Teachers of adolescents across the country are under enormous pressure to cover more content in their disciplines, to make instruction more relevant to students, and to help students acquire the reading skills they need to succeed on standardized tests and beyond. In this video program, high school teacher Cris Tovani brings viewers into her school and classroom and shows how she and her colleagues are meeting the challenge of improving students' reading skills across the curriculum. The programs include examples of Cris working with students using texts from multiple disciplines in her classroom, as well as collaborating with colleagues throughout the school.
Program 1: Modeling What Good Readers Do
Using examples from technical text and novels, Cris models her own reading process to show students how to read and understand difficult material.
Program 2: Interpreting Data: Charts, Graphs, Standardized Tests
Cris works with students as they analyze charts, data and graphs, and discusses how standardized test scores led her to place more emphasis on data reading across the curriculum.
Program 3: Reading Like a Mathematician
Cris and math teacher Jim Donohue co-teach, working with struggling readers on strategies for completing math problems, and talk about their collaboration.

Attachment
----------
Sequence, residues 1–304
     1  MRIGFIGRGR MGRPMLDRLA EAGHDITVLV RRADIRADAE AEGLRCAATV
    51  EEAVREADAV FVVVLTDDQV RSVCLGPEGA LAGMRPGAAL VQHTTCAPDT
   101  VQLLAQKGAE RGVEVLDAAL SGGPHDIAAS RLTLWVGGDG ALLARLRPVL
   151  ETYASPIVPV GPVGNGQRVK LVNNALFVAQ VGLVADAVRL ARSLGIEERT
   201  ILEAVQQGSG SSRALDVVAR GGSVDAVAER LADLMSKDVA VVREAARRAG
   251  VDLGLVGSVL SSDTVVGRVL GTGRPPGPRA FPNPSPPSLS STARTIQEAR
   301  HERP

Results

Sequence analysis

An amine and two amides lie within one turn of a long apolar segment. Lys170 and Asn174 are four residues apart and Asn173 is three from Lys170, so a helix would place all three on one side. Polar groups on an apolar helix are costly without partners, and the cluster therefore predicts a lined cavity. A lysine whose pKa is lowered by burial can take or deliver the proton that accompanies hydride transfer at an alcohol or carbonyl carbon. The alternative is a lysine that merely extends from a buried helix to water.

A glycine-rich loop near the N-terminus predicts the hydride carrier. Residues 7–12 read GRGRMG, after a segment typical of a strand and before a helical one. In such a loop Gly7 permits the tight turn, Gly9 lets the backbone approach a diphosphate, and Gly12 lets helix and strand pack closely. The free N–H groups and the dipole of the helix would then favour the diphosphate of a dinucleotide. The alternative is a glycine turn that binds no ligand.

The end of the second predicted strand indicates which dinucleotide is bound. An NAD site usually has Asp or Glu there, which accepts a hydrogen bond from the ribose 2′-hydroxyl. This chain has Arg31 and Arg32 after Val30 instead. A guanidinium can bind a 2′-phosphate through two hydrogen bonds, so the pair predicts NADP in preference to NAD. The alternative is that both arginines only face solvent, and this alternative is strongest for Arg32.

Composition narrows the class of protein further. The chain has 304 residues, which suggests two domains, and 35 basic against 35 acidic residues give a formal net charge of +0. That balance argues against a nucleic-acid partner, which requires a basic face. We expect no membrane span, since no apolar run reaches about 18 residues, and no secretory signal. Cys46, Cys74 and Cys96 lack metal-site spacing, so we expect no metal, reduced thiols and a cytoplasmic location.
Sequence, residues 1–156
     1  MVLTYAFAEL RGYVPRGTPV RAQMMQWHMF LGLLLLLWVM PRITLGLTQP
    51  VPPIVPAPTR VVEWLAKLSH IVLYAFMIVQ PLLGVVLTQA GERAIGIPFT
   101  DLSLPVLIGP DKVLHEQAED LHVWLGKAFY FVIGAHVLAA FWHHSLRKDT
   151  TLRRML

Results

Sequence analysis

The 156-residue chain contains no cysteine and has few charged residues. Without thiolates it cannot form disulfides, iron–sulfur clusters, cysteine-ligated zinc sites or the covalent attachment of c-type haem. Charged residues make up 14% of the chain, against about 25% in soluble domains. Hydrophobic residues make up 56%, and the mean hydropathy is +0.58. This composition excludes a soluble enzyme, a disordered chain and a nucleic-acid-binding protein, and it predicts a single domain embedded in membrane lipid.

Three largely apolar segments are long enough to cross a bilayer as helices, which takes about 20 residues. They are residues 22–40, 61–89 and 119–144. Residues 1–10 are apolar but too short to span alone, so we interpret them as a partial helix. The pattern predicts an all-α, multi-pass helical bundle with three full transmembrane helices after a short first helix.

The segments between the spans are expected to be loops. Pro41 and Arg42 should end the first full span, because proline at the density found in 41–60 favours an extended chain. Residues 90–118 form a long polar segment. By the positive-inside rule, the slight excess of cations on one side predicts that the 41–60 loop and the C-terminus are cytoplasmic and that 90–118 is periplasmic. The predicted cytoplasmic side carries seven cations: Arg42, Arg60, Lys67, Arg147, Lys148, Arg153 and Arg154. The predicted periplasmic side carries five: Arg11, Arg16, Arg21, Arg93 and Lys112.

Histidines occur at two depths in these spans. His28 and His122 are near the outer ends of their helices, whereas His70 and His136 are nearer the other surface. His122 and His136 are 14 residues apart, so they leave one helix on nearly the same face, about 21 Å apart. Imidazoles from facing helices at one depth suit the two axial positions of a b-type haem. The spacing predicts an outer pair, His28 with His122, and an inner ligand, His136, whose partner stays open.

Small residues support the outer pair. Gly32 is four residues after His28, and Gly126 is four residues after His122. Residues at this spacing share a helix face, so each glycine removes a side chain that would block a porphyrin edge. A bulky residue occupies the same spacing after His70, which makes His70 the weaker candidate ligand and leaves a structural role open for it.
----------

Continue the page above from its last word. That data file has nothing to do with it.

Program 4: Synthesizing Complex Ideas
Cris assists students as they integrate reading from history textbooks with current articles in newspapers and magazines. Students synthesize background knowledge and new information to understand wars from the last seventy years.
Accompanying the Comprehending Content video is a detailed viewing guide with sample workshop activities, reading materials used by students on the program, focus questions for viewing, and tips for using the related book, Do I Really Have to Teach Reading?, with the video in a study group setting.
|Product dimensions:||9.90(w) x 12.50(h) x 1.50(d)|
|Age Range:||11 - 17 Years|
About the Author
Cris Tovani taught first grade to seniors for 31 years. Her entire career has been spent trying to figure out the “knowing-doing” gap. Researchers tell teachers what they should be doing but actually doing it with 125+ students is a whole new ball game. Throughout her career, Cris has tried to take reading and writing research and apply it to all levels of learners. She loves sharing her success and failures with colleagues around the world so they too, can better serve students.
Cris most recently worked with secondary English language learners from a high poverty district in Colorado that was in its fourth year of turnaround. Currently, Cris is facilitating literacy labs in several different states to promote collaboration among colleagues. In addition, she has the pleasure of working with administrators to build their background knowledge on best practices so they are able to give teachers useful feedback about instruction.
Cris is a internationally known consultant focusing on issues of reading, content comprehension and assessment in secondary classrooms. She has been an adjunct professor and is the author of four books: I Read it but I Don’t Get It, Do I Really Have to Teach Reading?, So, What do They Really Know? And No More Telling as Teaching: Less Lecture, More Engaged Learning.